Next up was checking out The Astoria Column. The column, a 125 ft. structure, is a notable landmark that sits on a bluff above Astoria. Vic and I visited this area last August and I did a post on it then, but it was fun to see it for a second time.  You can climb the column’s 164 stairs to a viewing area at the top which looks out on a 360 degree view of the bar where the Columbia River meets the Pacific,  the snow-capped  volcanoes of the Cascade Range to the east, and the peaks of Saddle Mountain (Brooks’ favorite elk hunting grounds) overlooking Youngs River to the south. (We did climb the 164 steps and my legs were sore the next day, but I didn't admit this to my kids.)


The outside of the column is painted with scenes that begin with the history of this area before man arrived.  As the column rises, the scenes trace the history of the first encounters with white men leading up to Lewis and Clark and beyond.

column view of columbia river

This is the most amazing view from the bluff as you can see the Pacific Ocean way to the left and the picturesque bridge spanning the Columbia River.

youngs river

Here is the view of Saddle Mountain to the far left and Youngs River, but something went weird with my camera (only had my droid phone with me) because the clouds were not black and smokey looking.

From The Column off we went to show Jesse Long Beach, Washington about a twenty minute ride after crossing the Astoria-Megler Bridge. It was an unusually pretty day to check out what they claim is the world’s longest beach. The surprising thing is they allow people to drive their cars on the beach—not an idea I favor especially since this is a well-known clam digging beach. This area is also known for some of the best tasting farmed oysters I have ever eaten from Willapa Bay. They are supposedly from one of the cleanest estuaries in the United States. I found Willapa Bay oysters in the fish section of a Sweetbay grocery store in Florida so they must have quite an oyster industry in this area.

After a brisk walk on the beach, we found a cute little seafood cafe called Castaways where we had outrageously good clam chowder and another Northwest favorite, razor clams.  A good way to end our afternoon on Long Beach together.

Sadly, our last day together came way too soon. We decided we had time to check out Fort Clatsop National Historic Park, the place where Lewis and Clark wintered from Dec. 1805 to March 1806. Lewis and Clark chose this spot because it was high ground for staying relatively dry in the winter, had large herds of elk and deer, and close access to the ocean for making salt to cure their meat.  The actual forts on the grounds are all replicas some of which were just reconstructed again due to a fire in 2005.  The museum inside is very well done showing illustrated sections of the journals describing the expedition in this area along with their various tools, hunting and fishing gear, clothing, and cooking utensils.  We especially enjoyed walking the trails outside imagining these were the very woods where they hunted and fished.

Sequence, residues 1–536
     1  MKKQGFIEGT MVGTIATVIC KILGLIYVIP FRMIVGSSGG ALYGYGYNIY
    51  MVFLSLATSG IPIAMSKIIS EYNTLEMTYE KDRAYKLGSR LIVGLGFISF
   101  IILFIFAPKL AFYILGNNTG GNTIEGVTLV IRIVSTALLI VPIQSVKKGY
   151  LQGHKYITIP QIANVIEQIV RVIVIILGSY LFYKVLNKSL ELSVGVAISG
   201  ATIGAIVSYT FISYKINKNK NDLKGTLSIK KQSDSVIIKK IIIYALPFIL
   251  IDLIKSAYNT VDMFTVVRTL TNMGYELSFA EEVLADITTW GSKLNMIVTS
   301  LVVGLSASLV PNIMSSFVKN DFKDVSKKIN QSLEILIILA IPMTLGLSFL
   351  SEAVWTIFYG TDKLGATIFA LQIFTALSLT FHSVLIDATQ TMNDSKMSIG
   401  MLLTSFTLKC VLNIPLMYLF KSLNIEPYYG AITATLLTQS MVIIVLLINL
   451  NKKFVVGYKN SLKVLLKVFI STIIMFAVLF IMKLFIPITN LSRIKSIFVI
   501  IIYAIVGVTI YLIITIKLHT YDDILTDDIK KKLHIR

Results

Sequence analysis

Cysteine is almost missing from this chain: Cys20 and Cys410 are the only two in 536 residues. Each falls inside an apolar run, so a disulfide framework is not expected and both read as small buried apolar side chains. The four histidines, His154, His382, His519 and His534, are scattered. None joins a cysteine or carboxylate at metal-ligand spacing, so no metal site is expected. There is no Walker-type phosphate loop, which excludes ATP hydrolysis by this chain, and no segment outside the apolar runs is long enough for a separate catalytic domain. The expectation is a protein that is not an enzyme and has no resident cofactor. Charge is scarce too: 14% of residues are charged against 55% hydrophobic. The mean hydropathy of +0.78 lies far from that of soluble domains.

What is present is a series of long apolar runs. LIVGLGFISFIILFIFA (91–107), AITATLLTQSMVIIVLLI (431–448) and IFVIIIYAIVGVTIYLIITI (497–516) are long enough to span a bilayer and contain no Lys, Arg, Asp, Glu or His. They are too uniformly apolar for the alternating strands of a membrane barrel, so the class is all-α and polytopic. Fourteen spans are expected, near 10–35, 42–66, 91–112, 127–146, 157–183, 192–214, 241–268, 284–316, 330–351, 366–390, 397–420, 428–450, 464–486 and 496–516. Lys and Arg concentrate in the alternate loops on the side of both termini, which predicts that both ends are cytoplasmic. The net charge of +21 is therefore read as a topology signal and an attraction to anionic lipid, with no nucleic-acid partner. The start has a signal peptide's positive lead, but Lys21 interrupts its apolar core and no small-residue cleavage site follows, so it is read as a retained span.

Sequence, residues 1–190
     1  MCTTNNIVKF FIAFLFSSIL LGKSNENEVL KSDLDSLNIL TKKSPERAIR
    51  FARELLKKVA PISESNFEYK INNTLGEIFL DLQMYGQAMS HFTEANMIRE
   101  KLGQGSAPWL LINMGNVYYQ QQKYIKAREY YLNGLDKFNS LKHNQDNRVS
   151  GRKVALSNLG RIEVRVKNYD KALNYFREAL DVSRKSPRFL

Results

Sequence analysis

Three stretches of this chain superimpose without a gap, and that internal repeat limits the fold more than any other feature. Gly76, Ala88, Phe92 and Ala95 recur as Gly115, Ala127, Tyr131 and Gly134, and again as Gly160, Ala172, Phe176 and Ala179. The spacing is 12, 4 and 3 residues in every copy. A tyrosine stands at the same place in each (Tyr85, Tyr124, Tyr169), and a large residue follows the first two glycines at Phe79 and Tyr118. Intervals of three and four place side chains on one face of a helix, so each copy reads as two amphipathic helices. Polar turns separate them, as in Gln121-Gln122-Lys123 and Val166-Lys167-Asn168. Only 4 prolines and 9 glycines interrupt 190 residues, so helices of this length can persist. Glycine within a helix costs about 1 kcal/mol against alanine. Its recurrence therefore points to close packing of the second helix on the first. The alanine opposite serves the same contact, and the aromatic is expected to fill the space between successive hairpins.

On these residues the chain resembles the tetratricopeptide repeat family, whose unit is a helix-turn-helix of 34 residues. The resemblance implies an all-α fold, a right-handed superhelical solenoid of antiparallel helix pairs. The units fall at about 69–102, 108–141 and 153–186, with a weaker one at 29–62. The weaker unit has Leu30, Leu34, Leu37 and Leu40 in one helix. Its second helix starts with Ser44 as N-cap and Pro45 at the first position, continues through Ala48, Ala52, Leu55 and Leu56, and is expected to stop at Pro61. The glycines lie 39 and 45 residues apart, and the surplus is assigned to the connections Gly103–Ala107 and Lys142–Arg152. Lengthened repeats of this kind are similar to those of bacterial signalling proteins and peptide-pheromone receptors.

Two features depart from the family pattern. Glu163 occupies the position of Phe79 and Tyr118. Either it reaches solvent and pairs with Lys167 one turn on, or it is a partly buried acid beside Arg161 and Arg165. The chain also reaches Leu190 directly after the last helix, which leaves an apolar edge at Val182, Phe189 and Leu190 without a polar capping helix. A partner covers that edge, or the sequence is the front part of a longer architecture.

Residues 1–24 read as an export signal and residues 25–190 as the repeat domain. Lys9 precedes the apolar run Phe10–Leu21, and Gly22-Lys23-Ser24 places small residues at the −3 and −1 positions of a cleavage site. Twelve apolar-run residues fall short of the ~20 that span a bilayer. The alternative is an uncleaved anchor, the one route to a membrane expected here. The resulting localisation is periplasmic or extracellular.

boys at clatsop landing2
brooks and mama3

After visiting Fort Clatsop, Brooks wanted to show us one of his favorite fishing holes just below Youngs River Falls, about a twenty minute drive from Fort Clatsop. The falls were first discovered by some members of the Lewis and Clark expedition. Today the 65 ft. falls have become fairly popular as they have been featured in television commercials and a few movies: Free Willy 2, Teenage Mutant Ninja Turtles 3, and Benji the Hunted.

After viewing the falls, we chose a funky little Mexican restaurant, La Cabana de Raya, in Astoria with a nice view of Youngs Bay for a late lunch before our departure. The food was excellent with homemade tortillas, fresh ceviche made from local sole, and authentic sauces prepared from scratch. Pretty surprising little find.   We asked the waitress to take a photo of us with my smart phone—not the best—but still one I will cherish for the memory of this special time together.

brooks pam and jesse

It was now time to say adios to Brooks as Jesse and I made the trip back to Corvallis. Vic and I plan to return to Astoria this August during the beginning of the fall Chinook salmon run to visit Brooks and do some kayak fishing in the area. We will be back in Oregon in the motorhome in early July and hope to have other opportunities to spend time together even before our trip to Astoria—so I tell myself--as saying goodbye seems harder than ever. Jesse and I had a rainy trip back across Hwy 30 and south on I-5 then it was time for another goodbye. And a lovely time in Oregon comes to an end. I take a long moment to fully experience the gratitude I feel to have had this special time together with two amazing young men.  Blessings abound.

3 pam brooks jesse 1983

Sunday, March 24, 2013

Paying Edison and Ford a visit

March 6, 2013
North Fort Myers, Florida
Seminole Campground

Note: I started this post over two weeks ago, then decided to take advantage of a lull in our travels to visit my two sons in Oregon with full intentions to keep my posts current. You can see how well that went. . . . I am now back in Florida after a two week break and trying to get back in the blogging groove!

Something on our list of things to do in this area, this year and last year, was touring the estates of Thomas Edison and Henry Ford. Fort Myers was their winter home during the early part of the century. Edison bought the land on the Caloosahatchee River near downtown Fort Myers in 1885 and had the house built there the following year. In 1916, Ford became Edison’s neighbor by purchasing the home right next door. This convenient arrangement allowed these two American icons to not only share good times with each other and their families, but also to collaborate on their research and inventions.

Adding to the fun, our friends Mike, BJ, Mark, and Sandy joined us on this excursion. It was good to see different aspects of the estates through their eyes and interests as well as our own. I appreciated seeing Edison's laboratory, a major part of the tour, with examples of some of his most well-known inventions, but the homes and gardens appealed to me the most.